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Women in Data Science, Strength and Empowerment
On Friday February 3rd, took place the Women in Data Science Conference (#WiDS2017), which happened at 80+ locations worldwide with live stream from Stanford University. It was an amazing event, where you were able to learn how many professional women are making sense out of data, their latest data science related researches in multiple domains and how they are using data science for success at their companies.
I was invited to the WIDS2017 conference at the Miami location by the WIDS Florida Ambassador, Catalina Arango. Catalina is the co-founder and CEO of Exteractions, a data management consulting company focused on data strategy and analytics. She has worked in several high growth technology startups in Operations and Analytics and has done research in the area of social media data mining. Catalina is a graduate from Wharton Business School with a BS in Operations and Information Management, Business Analytics.
The event started off with Dr. Sara Rushinek, Professor in Computer Information Systems for the University of Miami. Dr. Rushinek is an expert in systems and artificial intelligence for automated stock trading.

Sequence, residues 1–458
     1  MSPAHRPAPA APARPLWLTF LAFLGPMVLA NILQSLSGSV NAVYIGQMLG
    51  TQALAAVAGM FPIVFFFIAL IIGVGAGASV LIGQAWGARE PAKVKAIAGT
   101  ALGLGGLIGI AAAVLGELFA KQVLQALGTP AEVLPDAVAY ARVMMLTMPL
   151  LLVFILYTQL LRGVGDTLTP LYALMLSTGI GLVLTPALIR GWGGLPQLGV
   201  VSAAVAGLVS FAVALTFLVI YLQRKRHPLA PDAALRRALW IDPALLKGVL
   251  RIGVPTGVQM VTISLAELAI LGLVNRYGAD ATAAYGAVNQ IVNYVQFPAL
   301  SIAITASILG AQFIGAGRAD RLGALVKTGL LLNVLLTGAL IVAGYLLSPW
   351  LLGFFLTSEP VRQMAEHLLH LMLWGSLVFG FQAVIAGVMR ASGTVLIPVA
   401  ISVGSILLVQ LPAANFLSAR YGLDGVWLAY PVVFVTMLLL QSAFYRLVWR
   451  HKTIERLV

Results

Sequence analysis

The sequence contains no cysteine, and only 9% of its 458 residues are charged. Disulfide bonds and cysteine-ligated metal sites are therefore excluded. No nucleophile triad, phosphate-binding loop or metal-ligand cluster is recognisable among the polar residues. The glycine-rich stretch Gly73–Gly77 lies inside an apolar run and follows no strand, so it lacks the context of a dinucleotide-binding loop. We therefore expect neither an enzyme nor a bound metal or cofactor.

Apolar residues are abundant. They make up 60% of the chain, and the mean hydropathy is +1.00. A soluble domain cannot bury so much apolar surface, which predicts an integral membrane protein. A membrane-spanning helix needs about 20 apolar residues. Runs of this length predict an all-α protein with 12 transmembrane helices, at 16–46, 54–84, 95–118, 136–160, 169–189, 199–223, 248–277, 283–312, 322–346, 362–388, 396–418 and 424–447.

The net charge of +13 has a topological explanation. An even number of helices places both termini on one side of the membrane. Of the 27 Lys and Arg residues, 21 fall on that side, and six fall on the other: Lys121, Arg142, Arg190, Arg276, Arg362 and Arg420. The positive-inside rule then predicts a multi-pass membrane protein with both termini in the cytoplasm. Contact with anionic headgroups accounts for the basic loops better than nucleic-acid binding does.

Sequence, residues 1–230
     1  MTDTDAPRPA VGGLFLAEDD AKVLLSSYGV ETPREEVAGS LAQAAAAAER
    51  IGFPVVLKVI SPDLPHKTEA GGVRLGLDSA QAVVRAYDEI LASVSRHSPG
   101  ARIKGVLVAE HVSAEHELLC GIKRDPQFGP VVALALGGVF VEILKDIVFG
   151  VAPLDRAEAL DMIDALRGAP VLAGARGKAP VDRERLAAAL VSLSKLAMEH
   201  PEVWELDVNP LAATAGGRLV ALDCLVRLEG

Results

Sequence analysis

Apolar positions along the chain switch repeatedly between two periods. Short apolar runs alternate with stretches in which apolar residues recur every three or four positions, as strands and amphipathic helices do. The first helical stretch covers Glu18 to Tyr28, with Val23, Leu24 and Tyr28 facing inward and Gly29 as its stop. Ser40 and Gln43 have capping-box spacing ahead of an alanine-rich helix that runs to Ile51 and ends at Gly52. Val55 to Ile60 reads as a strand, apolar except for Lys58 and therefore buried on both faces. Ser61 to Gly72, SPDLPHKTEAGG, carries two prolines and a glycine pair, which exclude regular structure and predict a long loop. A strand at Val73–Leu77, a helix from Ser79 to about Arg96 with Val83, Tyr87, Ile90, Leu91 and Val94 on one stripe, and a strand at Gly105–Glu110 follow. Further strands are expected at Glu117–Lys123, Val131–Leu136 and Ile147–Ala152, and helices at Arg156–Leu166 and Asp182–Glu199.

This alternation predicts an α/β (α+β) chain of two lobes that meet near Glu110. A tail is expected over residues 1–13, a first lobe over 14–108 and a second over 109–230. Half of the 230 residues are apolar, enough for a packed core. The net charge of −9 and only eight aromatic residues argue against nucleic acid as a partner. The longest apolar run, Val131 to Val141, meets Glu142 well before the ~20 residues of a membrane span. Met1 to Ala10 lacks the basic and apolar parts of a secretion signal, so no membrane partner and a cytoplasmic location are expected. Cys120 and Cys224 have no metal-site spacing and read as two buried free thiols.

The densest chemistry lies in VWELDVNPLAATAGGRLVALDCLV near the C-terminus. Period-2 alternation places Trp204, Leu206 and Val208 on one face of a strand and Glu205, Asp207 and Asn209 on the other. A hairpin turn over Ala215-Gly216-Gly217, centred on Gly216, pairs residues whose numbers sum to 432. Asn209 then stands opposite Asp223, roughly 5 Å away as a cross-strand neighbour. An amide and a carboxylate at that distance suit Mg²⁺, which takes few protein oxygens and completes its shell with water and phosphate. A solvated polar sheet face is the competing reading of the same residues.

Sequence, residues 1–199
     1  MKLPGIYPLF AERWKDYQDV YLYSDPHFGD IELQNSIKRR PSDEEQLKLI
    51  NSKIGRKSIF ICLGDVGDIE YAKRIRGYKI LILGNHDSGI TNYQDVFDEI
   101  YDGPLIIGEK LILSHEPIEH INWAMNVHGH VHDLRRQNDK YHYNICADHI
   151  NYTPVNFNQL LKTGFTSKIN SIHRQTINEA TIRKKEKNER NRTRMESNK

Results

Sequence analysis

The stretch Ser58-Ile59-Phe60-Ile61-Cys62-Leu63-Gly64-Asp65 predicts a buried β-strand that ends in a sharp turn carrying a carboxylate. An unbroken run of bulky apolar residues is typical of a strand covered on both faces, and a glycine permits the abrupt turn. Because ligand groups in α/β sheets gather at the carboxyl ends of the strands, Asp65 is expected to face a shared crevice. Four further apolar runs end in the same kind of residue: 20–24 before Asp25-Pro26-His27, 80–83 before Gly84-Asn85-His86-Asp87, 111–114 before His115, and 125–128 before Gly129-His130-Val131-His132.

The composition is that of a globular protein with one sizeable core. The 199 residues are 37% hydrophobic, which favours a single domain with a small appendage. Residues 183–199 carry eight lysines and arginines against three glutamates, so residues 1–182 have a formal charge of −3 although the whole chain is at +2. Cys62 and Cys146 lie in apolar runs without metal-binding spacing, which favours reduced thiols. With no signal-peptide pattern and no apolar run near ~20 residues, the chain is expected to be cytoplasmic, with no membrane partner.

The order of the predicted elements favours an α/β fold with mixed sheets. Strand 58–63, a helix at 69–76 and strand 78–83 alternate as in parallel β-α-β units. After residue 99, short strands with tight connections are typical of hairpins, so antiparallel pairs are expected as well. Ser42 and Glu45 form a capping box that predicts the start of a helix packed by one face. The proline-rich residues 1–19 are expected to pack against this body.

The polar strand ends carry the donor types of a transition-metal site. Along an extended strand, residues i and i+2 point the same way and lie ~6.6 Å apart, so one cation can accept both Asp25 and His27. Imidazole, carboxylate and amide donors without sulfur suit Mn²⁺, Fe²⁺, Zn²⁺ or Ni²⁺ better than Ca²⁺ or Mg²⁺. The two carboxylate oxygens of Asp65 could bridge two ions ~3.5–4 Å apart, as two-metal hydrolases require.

She gave us some remarks on Women in Data, “Women executives leading companies, tend to perform better than those led by men— and a new study furthers that claim, finding that women CEOs in the Fortune 1000 drive three times the returns as S&P 500 enterprises run predominantly by men.”
Her topic was Automated Trading Systems and the use of automated algorithmic software trading robots and how consolidated audit trails can be the watch dog, monitoring for triggers that may cause massive market fluctuations. They can also be spying on other traders in the market place while recording, webcasting, and then recasting the data in order to influence the marketplace. She gave us a demo of the use of software trading robots to create sophisticated audit trails using NinjaTrader software.
There are 6 startups using AI and machine learning in algorithm trading strategies, to make money in the stock market, and is growing fast.
[Tweet “The goal is to turn data into information, and information into insight. ~ Carly Fiorina”]